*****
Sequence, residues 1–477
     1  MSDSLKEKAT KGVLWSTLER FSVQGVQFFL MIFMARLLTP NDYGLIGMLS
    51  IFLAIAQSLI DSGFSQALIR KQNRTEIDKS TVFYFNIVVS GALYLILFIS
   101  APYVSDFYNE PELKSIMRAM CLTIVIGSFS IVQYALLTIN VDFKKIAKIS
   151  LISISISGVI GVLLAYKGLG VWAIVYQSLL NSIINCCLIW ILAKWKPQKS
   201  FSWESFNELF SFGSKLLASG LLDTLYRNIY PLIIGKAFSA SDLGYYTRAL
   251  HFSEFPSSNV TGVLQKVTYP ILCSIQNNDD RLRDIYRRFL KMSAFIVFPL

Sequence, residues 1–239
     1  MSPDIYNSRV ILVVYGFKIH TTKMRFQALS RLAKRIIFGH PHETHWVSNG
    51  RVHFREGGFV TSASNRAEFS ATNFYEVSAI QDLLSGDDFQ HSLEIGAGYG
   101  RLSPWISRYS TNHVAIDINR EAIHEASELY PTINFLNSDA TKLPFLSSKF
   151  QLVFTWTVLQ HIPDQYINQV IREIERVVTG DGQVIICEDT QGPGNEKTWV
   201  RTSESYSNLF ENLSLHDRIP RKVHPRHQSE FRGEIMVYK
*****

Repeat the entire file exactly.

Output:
Sequence, residues 1–477
     1  MSDSLKEKAT KGVLWSTLER FSVQGVQFFL MIFMARLLTP NDYGLIGMLS
    51  IFLAIAQSLI DSGFSQALIR KQNRTEIDKS TVFYFNIVVS GALYLILFIS
   101  APYVSDFYNE PELKSIMRAM CLTIVIGSFS IVQYALLTIN VDFKKIAKIS
   151  LISISISGVI GVLLAYKGLG VWAIVYQSLL NSIINCCLIW ILAKWKPQKS
   201  FSWESFNELF SFGSKLLASG LLDTLYRNIY PLIIGKAFSA SDLGYYTRAL
   251  HFSEFPSSNV TGVLQKVTYP ILCSIQNNDD RLRDIYRRFL KMSAFIVFPL

Sequence, residues 1–239
     1  MSPDIYNSRV ILVVYGFKIH TTKMRFQALS RLAKRIIFGH PHETHWVSNG
    51  RVHFREGGFV TSASNRAEFS ATNFYEVSAI QDLLSGDDFQ HSLEIGAGYG
   101  RLSPWISRYS TNHVAIDINR EAIHEASELY PTINFLNSDA TKLPFLSSKF
   151  QLVFTWTVLQ HIPDQYINQV IREIERVVTG DGQVIICEDT QGPGNEKTWV
   201  RTSESYSNLF ENLSLHDRIP RKVHPRHQSE FRGEIMVYK